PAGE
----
This past week, I have had my telescope out almost every night, snapping pictures of Jupiter. More articles will be forthcoming with new images of our largest planet. But before Jupiter and its current area of sky fades into the Southwest for the Winter, I wanted to search for another planet in its proximity: Neptune.
Neptune is the farthest known planet from our Sun in the Solar System (we shall leave the Pluto matter aside for now). For a brief moment this week, I fancied the notion of attempting a Neptune photographing session from my Dobsonian. I quickly realized, though, that Neptune is far too distant, small, and dim to attempt an astrophotography pinpoint without the aid of an electronic guided mount. Plan B involved binocular observation followed by a sketch at the Dobsonian, leveraging an eyepiece intended for naked-eye viewing.
I searched for, found, and sketched Neptune and its surrounding sky over the course of back-to-back nights. In this article, I detail my methodology for finding the eighth planet via star maps, star hops, and final location through binoculars and telescope.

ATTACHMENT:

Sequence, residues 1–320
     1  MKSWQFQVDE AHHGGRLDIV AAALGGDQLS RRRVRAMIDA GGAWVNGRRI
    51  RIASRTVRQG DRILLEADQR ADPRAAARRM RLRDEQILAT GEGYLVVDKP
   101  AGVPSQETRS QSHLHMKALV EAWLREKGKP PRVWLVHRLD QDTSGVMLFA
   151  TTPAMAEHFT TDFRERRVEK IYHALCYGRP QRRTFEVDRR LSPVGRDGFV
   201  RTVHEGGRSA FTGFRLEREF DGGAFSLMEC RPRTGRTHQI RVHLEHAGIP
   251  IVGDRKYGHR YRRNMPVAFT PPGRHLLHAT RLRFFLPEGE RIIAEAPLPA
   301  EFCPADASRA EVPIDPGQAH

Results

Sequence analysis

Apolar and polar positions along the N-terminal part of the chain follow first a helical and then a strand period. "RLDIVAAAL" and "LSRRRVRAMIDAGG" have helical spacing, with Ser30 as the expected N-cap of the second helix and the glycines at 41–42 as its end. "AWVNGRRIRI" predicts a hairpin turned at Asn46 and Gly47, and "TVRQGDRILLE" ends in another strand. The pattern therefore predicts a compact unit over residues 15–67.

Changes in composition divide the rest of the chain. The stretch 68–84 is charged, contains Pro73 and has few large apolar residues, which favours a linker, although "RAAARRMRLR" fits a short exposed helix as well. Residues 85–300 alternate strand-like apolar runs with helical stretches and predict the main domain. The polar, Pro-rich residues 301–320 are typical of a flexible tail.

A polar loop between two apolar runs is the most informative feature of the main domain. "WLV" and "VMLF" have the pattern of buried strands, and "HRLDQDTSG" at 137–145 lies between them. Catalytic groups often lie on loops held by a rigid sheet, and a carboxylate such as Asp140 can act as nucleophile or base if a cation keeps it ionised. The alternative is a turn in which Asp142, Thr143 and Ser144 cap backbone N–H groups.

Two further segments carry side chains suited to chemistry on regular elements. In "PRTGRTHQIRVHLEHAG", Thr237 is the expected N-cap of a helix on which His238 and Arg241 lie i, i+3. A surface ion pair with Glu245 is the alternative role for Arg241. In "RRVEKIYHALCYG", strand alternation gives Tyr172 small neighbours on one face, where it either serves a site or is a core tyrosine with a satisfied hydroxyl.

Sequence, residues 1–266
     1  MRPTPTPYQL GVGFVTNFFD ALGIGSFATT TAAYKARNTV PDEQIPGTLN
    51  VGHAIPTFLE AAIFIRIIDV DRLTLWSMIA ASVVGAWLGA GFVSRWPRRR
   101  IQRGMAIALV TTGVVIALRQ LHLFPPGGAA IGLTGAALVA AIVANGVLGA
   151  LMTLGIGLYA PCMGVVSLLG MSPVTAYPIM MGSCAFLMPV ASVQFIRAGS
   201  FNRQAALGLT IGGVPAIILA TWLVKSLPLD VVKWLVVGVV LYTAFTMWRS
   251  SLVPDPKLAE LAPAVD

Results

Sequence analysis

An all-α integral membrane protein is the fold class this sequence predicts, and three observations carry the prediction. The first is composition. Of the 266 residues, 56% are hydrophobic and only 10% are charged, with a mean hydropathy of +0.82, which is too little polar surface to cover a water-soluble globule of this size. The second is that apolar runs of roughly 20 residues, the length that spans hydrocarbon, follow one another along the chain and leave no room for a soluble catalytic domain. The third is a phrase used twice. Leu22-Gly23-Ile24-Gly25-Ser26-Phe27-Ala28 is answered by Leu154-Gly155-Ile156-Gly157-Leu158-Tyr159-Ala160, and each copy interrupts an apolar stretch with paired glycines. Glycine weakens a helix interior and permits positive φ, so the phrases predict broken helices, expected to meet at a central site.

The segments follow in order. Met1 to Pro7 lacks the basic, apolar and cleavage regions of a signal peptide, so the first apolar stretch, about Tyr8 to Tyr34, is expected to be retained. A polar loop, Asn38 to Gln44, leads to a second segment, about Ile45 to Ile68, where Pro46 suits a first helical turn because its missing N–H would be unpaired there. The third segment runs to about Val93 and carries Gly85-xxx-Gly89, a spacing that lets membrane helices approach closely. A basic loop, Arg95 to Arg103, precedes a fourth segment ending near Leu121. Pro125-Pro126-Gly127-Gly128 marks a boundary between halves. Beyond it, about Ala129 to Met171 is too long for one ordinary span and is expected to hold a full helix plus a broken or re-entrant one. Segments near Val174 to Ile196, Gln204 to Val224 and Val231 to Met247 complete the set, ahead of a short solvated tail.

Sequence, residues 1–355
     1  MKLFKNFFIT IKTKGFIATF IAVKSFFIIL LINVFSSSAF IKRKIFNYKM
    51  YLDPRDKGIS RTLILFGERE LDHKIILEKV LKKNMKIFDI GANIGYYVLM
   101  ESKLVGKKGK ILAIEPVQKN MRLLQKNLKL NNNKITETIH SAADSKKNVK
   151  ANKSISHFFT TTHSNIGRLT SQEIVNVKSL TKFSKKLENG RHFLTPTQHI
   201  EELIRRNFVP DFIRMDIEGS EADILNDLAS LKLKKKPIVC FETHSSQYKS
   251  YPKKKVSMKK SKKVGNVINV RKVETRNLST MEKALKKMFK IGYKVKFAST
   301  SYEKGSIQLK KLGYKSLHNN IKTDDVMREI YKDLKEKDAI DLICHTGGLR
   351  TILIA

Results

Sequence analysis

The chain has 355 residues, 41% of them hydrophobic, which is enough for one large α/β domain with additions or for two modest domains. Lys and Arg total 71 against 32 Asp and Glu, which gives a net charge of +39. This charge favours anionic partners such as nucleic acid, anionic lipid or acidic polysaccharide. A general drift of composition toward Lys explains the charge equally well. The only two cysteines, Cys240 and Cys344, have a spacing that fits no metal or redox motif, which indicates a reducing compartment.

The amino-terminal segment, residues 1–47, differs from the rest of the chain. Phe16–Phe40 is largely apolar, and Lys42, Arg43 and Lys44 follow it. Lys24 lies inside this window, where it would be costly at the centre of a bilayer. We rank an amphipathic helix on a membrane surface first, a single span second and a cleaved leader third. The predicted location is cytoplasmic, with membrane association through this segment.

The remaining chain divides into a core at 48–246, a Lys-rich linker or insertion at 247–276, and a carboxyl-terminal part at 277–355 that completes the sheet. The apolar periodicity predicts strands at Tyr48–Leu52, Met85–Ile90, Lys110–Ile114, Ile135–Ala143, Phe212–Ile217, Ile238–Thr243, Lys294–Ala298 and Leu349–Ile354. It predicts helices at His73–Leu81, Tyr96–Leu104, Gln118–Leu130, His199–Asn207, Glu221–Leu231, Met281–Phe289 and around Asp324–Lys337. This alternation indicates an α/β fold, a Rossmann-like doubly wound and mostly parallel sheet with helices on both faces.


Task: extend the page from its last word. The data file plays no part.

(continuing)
Night One – Planning and Binoculars
Let’s start our narrative by looking at my South night sky, several hours after Sunset. Most of my planning and posted screenshots here are from Stellarium, my go-to application on PC, iPad, iPhone, and even web for locating the faintest of sky objects.
This may be a little confusing, but I wanted to show the Constellation outlines for reference. It is important to realize that, especially through light pollution, this is a horribly “empty” area of the sky, with few bright stars. Pisces and Aquarius, the Constellations Neptune is between, are two of the faintest, especially in the context of the Zodiac. The implication is that faint stars make “star hopping” difficult.
Fortunately for this year, we have a very bright “star” in the area, in the planet Jupiter. It is from Jupiter that I was able to star hop via binoculars to get to the area of Neptune. So even with zero naked-eye-viewable stars around Neptune, leveraging Jupiter as a starting point made it possible, through binoculars this night and telescope the following, to track stars over to Neptune.
Here is better-labeled view of my South sky, showing the locations of Jupiter, Neptune, and Saturn, in the Southwest at this time. Even though Saturn is of little importance to Neptune’s location, it did provide me with a relative bearing against Jupiter to guess the approximate location of Neptune.